Heacock immediately emailed school officials but, she said, she believes the district has the tendency to sweep these complaints under the rug.
The Simmers have asked administrators for a stronger public message that racism will not be tolerated.
Families have heard from staff and administrators the district is deeply divided, and any policy change that addresses racism is a challenge. Superintendent Scott Hagerman said last week he finds himself in a tough balancing act.
“We need to get site stakeholder input because we’re going to have a bunch of different people that have a bunch of different opinions on things,” he said.
But for Heacock, there is no room for division.
“There are not two sides to racism. There is just racism is not acceptable, and that’s been difficult,” she said.
Vieri Tenuta, one of five Tanque Verde board members, said he’s disappointed with how Hagerman has chosen to handle the issue. And Tenuta questions the superintendent’s competence and capability as this point.
“I would say that it’s embarrassing. We don’t have to argue whether or not racism is bad, right? We know that racism is wrong and we shouldn’t be complicit or active in that,” he said. “And so what we need to do is we need to just make sure that we are communicating to our students and to our staff that it’s not acceptable and not welcome here.”
Now Heacock, along with a group of families, have launched a letter campaign to the board. They’re asking for not only policy changes, but a change in leadership, starting at the top with Hagerman.
She said he has “cowered and conceded” to political pressure rather than make a strong stand against racism.
The families are asking, she said, for the resignations of both Hagerman and Emily Gray Junior High assistant principal Beth Egan, who is currently on administrative leave.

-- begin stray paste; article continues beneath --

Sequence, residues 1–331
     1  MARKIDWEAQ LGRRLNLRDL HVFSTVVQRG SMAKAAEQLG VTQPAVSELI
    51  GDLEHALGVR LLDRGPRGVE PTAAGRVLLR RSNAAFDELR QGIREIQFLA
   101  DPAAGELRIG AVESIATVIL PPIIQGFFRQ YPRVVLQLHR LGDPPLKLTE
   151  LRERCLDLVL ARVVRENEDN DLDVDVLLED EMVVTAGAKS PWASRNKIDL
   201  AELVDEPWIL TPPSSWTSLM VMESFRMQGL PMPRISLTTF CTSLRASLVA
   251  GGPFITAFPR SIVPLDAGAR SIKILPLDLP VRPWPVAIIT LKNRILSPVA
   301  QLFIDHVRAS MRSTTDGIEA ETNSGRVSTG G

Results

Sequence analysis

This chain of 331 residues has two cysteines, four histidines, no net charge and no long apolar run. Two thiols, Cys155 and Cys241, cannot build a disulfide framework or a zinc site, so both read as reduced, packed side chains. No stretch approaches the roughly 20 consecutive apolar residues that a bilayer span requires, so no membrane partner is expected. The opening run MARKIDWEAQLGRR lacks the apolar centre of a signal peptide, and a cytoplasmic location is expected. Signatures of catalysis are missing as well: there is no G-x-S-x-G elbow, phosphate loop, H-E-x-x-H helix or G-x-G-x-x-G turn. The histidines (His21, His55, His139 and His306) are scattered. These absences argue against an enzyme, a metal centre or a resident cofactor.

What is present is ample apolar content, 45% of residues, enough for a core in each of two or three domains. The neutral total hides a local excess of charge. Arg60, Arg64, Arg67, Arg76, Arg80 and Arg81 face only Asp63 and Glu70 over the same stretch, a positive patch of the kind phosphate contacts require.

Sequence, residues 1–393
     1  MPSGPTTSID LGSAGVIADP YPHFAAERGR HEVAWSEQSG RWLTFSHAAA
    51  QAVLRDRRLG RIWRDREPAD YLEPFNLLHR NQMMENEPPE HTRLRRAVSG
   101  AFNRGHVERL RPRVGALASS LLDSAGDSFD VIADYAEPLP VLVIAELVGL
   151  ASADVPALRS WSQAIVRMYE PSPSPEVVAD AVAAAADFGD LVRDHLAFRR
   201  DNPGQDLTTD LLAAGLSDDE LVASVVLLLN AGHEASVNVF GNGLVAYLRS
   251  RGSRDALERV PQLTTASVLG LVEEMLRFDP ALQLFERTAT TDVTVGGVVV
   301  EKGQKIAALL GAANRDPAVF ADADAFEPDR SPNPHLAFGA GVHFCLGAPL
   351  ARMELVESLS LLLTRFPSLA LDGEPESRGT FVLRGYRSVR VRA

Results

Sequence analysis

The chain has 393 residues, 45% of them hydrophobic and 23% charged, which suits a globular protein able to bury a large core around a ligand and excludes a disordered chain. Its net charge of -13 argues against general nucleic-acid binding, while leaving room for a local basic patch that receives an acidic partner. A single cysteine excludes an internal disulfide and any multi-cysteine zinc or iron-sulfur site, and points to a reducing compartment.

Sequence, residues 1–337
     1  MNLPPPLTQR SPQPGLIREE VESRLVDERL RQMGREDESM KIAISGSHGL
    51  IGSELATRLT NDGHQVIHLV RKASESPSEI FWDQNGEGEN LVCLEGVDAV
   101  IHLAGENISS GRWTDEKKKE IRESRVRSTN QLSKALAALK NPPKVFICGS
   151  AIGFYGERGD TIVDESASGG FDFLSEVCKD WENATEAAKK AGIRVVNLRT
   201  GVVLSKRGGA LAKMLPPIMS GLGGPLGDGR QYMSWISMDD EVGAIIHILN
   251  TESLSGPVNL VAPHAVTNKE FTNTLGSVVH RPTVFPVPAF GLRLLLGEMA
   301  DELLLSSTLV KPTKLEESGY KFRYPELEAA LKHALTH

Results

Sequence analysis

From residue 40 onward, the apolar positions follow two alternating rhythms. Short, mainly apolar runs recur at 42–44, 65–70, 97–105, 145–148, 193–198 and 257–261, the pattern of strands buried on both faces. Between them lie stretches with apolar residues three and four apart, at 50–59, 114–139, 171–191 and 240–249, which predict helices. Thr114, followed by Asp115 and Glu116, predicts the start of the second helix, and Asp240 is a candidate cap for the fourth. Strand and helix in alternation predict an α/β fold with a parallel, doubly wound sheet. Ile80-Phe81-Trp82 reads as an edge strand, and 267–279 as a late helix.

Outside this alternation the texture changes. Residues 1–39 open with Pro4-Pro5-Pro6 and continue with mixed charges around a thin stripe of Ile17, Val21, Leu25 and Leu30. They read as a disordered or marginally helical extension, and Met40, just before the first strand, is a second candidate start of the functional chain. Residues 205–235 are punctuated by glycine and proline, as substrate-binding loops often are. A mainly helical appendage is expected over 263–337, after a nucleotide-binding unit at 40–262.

The superintendent has apologized for Egan’s use of the “N” word while addressing a behavior issue.
Superintendent Hagerman and the board president have both provided KOLD with letters in response.
Neither letter addressed the resignation request, but Hagerman said important facts and context about the Simmers family are missing from the report from last week. He also wrote that he can’t go further into detail because conversations with the Simmers are private, sensitive matters. Note: FERPA laws dictate districts cannot disclose student information because of privacy rights.
“The board and district leadership are now taking steps to clearly communicate how staff and students are expected to behave,” Hagerman wrote.
The following is Hagerman’s full statement:
And in board president Anne Velosa’s letter, she wrote, “We have not received a sobering lesson as recent revalations have highlighted gaps in our policies and practices that have led to students feeling unsafe at school”. “That is a past failure. it will not be a future reality.”
It was only Velosa’s letter that clearly stated, “we do not tolerate racism.”
“This isn’t going to end just because somebody came forward and somebody gets on the news and talks to somebody. It ends when we are actively anti-racist,” Tenuta said.